The amounts of the increases proposed by this Bill are significant. According to one commentator:
According to information from Customs, the increase to the IPC will result in additional revenue of $674.3 million over 4 years and will be implemented in accordance with cost recovery policy adopted by the Australian government.
It would appear that Government may be asserting that all its costs have not previously been recovered from importers and that new charges are necessary to recover all services provided. Alternatively, the increases would suggest that the recent reform to anti-dumping regulation and the new measures against crime in the supply chain are the cause of this significant increase in costs for all parties involved in import.
Not only will this be a significant additional impost for importers, it will also be a significant additional impost for exporters who import many of their inputs to manufacture. While there is never a good time to impose additional processing charges, given the state of the economy, these additional costs will make life very difficult for importers, exporters and their service providers who will need to pass on these charges.
The retention of the IPC at current levels for consignments between $1,000 and $10,000 and the failure to impose IPC on consignments below $1,000 may also lead to additional pressure on importers and service providers in determining the value of consignments and the associated IPC.
The Freight and Trade Alliance had this to say:
FTA is of the view that this approach places an unfair burden on the import sector with a more equitable arrangement being for an appropriate proportion of operating costs to be borne by the Australian taxpayer in line with the ACBPS border and community protection role.
The proposed 1 January 2014 IPC for consignments valued over $10,000 (increasing by $102.60 to $152.60 per sea freight consignment and by $81.90 to $122.10 per airfreight consignment) will place a significant cost burden on importers and will adversely affect cash flow for intermediary Australian logistics service providers.
The Australian retail sector in particular will feel the impact of fee increases as it provides a further commercial advantage to those that purchase goods online from overseas valued under $1000 as they are exempt from paying duty, GST and any form of IPC.
According to the Explanatory Memorandum:
The introduction of this Bill will generate an estimated $673.4 million across forward estimates from 2013-2014. A delay in introducing this legislation will have a financial impact on the Budget balance of an estimated $15 million per month as this revenue has already been factored into the forward estimates.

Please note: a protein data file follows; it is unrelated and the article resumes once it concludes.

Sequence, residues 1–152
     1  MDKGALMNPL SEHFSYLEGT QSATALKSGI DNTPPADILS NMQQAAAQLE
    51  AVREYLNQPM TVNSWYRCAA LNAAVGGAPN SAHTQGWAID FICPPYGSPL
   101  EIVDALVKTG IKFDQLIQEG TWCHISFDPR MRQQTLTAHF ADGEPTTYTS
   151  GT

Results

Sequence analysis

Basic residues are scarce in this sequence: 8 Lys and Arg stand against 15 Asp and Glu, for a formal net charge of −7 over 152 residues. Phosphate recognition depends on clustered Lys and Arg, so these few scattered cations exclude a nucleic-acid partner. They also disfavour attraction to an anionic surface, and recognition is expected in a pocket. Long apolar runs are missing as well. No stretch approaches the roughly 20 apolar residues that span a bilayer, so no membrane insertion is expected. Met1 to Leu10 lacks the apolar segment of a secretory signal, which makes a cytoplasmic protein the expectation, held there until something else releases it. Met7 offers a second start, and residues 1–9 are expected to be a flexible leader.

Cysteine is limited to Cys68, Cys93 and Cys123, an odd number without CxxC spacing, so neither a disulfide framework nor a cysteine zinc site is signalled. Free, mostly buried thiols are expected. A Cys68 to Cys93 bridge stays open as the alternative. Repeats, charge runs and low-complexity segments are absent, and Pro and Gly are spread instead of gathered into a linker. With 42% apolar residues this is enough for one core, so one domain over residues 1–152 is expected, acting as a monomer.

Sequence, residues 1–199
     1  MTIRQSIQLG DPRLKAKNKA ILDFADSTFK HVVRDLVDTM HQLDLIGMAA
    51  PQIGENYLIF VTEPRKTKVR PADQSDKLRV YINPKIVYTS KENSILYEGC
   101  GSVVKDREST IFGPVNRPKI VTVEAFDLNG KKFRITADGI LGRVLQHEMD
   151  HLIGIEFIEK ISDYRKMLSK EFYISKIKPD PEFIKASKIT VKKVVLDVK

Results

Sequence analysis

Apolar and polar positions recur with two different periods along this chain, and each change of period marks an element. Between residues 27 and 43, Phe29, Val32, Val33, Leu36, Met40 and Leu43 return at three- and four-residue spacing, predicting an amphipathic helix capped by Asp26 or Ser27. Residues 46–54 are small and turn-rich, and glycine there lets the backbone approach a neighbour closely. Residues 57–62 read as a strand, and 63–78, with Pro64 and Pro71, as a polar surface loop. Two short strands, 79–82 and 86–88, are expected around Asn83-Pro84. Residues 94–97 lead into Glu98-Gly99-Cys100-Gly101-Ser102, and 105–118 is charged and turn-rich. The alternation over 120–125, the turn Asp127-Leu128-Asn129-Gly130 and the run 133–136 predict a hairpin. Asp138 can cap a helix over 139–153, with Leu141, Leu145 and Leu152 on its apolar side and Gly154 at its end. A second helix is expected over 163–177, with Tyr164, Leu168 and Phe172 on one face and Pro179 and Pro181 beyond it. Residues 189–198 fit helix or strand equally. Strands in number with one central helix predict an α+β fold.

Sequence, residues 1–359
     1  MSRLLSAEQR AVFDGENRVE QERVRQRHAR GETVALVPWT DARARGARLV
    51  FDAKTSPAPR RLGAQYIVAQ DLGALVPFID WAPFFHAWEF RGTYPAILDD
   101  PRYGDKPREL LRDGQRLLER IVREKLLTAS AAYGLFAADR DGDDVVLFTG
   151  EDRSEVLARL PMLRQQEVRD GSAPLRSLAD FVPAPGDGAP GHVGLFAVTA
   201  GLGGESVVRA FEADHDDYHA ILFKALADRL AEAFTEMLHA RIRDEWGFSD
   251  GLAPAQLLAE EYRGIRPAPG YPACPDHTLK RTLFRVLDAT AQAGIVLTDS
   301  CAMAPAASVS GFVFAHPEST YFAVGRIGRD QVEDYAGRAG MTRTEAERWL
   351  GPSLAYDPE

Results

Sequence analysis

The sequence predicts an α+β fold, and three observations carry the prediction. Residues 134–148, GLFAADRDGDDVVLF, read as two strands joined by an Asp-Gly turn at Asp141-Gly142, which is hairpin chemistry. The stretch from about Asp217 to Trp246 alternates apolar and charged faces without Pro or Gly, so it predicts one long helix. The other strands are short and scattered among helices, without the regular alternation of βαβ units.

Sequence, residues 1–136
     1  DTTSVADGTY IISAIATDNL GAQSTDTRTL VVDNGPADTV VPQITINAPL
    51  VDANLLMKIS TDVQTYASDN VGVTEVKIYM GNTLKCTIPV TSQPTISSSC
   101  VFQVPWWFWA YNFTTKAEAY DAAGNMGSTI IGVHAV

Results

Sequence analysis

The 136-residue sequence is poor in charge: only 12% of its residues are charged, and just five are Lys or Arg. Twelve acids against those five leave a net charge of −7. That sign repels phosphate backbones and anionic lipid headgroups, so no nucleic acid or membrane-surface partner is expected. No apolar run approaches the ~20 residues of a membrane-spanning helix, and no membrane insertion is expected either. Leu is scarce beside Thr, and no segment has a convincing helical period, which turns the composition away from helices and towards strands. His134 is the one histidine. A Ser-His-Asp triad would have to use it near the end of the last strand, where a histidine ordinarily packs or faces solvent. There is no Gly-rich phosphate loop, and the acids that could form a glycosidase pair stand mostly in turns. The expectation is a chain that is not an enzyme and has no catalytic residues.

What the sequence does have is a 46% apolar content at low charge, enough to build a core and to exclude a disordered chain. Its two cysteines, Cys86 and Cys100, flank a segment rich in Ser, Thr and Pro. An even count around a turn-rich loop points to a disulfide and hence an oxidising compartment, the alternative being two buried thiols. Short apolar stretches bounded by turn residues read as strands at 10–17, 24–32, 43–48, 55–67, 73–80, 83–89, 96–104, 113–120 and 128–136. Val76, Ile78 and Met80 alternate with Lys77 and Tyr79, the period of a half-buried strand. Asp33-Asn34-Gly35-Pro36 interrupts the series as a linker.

Item 1 of the Bill repeals and replaces paragraphs 5(3)(a)–(f) to increase the amount of the import declaration processing charge for certain types of goods imported into Australia by air, through the post or by sea.
Item 2 of the Bill repeals and replaces paragraphs 5(6)(a)–(f) to increase the amount of the warehouse declaration processing charge for certain types of goods imported into Australia by air, through the post or by sea.
The amount payable in each of the amended paragraphs is the amount specified ‘or such other amount as is prescribed’. In that case, the relevant amount will be specified in the Import Processing Charges Regulations 2006.
Members, Senators and Parliamentary staff can obtain further information from the Parliamentary Library on (02) 6277 2500.
. Import Processing Charges Act, section 4.
. Import Processing Charges Act, section 4.
. Customs Act, section 71D.
. Customs Act, section 71F.
. Australian Government, ‘Part 1: Revenue measures’, Budget measures: budget paper no. 2: 2013–14: Attorney General’s portfolio, accessed 9 December 2013.
. Senate Standing Committee for Selection of Bills, Report No. 10 of 2013, Senate, Canberra, 4 December 2013, accessed 9 December 2013.
. The Statement of Compatibility with Human Rights can be found at page 4 of the Explanatory Memorandum to the Bill.
. Import Processing Charges Act, proposed paragraphs 5(3)(a) and (b).
. Import Processing Charges Act, proposed paragraphs 5(3)(c) and (d).
. Import Processing Charges Act, proposed paragraphs 5(3)(e) and (f).
. Import Processing Charges Act, proposed paragraphs 5(6)(a) and (b).
. Import Processing Charges Act, proposed paragraphs 5(6)(c) and (d).
. Import Processing Charges Act, proposed paragraphs 5(6)(e) and (f).